In the coming decades, rising sea levels are expected to put 10 million more people at risk of flooding, forcing millions to leave their homes and become climate refugees.

Droughts & Famines

Increased temperatures lead to longer and more severe droughts. Researchers found that without efforts to reduce emissions, yields of vegetables would be cut by about 35 percent in the second half of this century.

Crops lost to insects will also increase. When temperatures are higher, the body temperature of insects is also higher, leading to increased energy demands. The result is more insects consuming more food. Two degrees of global warming could double the volume of wheat that is currently lost to pests.

What all of this results in is higher food prices, less stable food supply, and general food insecurity.

Dangerous Heatwaves

The world’s increasing temperatures will lead to longer and hotter heatwaves.

Heatwaves are deadly. Dehydration and heat stroke are common heat-related fatalities, and heat can exacerbate many underlying conditions. The 2003 European heatwave was estimated to have led to the death of 70 000 people – and that was less than 1°C of warming.

Devastating Wildfires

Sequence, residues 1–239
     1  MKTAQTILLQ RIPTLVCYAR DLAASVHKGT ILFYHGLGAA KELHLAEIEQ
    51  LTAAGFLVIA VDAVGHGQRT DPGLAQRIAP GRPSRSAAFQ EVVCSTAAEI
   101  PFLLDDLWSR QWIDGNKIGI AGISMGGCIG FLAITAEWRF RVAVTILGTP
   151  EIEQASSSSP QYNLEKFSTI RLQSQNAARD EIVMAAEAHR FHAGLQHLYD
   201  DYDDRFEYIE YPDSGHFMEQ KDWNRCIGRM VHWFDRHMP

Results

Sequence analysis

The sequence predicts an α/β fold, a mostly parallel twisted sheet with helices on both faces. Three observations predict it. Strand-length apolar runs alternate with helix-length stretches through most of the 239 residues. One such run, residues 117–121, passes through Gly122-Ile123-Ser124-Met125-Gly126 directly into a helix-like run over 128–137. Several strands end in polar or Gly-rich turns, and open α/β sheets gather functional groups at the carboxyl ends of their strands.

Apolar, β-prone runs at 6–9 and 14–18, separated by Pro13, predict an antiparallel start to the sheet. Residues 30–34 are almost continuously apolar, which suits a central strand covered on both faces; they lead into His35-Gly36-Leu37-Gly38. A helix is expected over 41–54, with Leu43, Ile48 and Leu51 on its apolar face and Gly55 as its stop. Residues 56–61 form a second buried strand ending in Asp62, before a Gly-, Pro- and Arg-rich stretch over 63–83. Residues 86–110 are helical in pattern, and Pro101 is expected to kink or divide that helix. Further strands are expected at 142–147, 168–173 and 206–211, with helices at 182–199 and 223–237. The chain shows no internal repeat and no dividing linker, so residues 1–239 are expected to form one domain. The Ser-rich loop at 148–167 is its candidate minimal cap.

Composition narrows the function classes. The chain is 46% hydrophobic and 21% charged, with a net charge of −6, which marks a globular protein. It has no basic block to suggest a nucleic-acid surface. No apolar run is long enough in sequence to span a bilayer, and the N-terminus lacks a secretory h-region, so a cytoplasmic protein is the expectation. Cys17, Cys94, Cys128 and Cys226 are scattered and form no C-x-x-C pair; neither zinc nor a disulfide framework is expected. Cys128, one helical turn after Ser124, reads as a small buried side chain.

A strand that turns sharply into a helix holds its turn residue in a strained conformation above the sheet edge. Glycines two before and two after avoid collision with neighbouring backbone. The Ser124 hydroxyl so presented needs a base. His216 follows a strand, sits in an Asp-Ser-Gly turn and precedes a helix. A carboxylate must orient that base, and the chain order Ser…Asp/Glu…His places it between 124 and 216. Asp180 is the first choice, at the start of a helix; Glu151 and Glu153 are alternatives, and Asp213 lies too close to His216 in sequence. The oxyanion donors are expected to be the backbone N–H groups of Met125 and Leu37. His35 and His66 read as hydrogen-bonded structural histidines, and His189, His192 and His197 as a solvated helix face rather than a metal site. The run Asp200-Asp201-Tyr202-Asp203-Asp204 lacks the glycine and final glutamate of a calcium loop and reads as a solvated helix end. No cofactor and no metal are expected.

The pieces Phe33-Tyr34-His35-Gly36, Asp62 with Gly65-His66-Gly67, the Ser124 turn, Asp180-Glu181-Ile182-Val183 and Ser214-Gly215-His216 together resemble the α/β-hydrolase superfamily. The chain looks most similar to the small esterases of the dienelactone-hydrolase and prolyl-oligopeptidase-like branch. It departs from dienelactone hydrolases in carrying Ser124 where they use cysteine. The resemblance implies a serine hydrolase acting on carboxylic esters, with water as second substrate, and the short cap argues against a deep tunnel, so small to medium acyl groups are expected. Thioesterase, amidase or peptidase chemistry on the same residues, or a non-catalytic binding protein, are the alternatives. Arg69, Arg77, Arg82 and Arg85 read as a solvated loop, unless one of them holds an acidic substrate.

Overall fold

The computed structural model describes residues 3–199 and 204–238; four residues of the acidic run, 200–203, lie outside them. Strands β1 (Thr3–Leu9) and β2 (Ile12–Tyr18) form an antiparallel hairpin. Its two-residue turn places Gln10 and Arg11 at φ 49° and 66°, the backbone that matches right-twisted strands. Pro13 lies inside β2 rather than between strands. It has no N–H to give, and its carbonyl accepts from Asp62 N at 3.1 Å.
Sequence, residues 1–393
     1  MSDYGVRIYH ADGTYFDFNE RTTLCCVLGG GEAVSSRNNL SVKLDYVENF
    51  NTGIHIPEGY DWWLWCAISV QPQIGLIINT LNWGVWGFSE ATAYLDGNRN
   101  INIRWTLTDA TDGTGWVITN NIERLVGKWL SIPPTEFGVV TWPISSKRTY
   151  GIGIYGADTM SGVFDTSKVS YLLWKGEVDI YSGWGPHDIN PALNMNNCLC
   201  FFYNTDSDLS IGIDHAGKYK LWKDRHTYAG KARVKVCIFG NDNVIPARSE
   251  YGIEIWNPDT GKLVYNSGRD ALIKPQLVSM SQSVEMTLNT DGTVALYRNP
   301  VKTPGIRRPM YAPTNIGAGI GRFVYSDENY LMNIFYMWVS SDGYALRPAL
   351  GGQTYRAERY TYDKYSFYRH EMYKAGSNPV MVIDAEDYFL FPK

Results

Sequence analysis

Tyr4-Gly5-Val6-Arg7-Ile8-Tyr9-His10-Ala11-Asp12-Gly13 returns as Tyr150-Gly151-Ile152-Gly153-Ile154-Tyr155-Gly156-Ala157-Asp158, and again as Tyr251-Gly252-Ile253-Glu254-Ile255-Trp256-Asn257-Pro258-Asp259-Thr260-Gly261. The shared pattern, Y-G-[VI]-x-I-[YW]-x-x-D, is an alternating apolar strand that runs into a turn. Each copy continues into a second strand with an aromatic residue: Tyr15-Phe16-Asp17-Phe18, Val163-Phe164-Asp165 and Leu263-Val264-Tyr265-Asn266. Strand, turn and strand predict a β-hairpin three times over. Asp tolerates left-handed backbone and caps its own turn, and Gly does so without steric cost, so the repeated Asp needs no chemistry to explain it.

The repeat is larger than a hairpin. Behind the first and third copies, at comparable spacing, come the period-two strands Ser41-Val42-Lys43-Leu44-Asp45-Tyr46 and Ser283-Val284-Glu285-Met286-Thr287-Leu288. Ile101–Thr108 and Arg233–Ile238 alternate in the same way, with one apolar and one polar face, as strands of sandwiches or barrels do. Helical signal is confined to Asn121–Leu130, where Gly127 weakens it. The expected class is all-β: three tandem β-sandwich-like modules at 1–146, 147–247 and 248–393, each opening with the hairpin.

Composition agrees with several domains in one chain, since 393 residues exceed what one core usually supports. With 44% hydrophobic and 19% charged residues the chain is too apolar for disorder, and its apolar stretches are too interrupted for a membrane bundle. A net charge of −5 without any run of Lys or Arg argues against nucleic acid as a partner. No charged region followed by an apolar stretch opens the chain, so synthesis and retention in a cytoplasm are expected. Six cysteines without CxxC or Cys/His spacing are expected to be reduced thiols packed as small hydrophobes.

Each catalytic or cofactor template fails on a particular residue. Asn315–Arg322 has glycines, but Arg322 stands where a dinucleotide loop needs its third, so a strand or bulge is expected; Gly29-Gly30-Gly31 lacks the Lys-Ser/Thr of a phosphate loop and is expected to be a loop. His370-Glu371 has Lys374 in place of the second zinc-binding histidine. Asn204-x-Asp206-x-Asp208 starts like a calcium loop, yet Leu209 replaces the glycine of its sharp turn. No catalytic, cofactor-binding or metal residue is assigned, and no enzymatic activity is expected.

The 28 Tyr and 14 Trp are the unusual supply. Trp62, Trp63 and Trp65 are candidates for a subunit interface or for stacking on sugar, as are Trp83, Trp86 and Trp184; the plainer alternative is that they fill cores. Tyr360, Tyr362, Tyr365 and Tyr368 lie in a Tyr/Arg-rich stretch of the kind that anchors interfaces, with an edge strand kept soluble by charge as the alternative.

Increased temperatures cause drier conditions, which lead to an increase in wildfires.

Wildfires are extremely destructive of land, human life, and wildlife. Increased fire risk is especially true in the western and northern parts of North America. The USDA Forest Service says just one degree of annual temperature anomaly, which we’re already approaching today, has led to a 600% increase in median annual burned area in some forest types, and is a significant cause of the annual wildfire season having extended over two months in duration longer than average.

Spread of Illness Vectors

As temperatures and waters rise, disease-carrying ticks and mosquitos will thrive in the hot and humid climates.

Vector borne illnesses, such as malaria, Zika virus, Lyme, and West Nile Virus are already increasing. In the past 13 years, mosquito and tick borne diseases have increased threefold in the US. By 2050, it’s estimated that 68% of California’s populations will be at an increased risk for West Nile Virus with current climate change patterns.

Burke, K. D., et al. “Pliocene and Eocene Provide Best Analogs for near-Future Climates.” PNAS, Oct. 2018, p. 201809600.

Steffen, Will, et al. “Trajectories of the Earth System in the Anthropocene,” PNAS, 115.33 (2018)

“Global Surface Temperature | NASA Global Climate Change.” NASA’s Goddard Institute for Space Studies, 3 May 2018,

Griffin, Paul. “CDP Carbon Majors Report 2017.” The Carbon Majors Database (2017). Accessed November 2018.

“National Snow and Ice Data Center.” Animals and Frozen Ground | National Snow and Ice Data Center, NASA, 6 Nov. 2018,

Vose, James M., et al. “Effects of Climatic Variability and Change on Forest
Ecosystems: A Comprehensive Science Synthesis for the U.S.” United States
Department of Agriculture Forest Service, Dec. 2012.

“Global Greenhouse Gas Emissions Data.” EPA, Environmental Protection Agency, 13 Apr. 2017,

IPCC, 2014: Climate Change 2014: Synthesis Report. Contribution of Working Groups I, II and III to the Fifth Assessment Report of the Intergovernmental Panel on Climate Change [Core Writing Team, R.K. Pachauri and L.A. Meyer (eds.)]. IPCC, Geneva, Switzerland, 151 pp.

The Solutions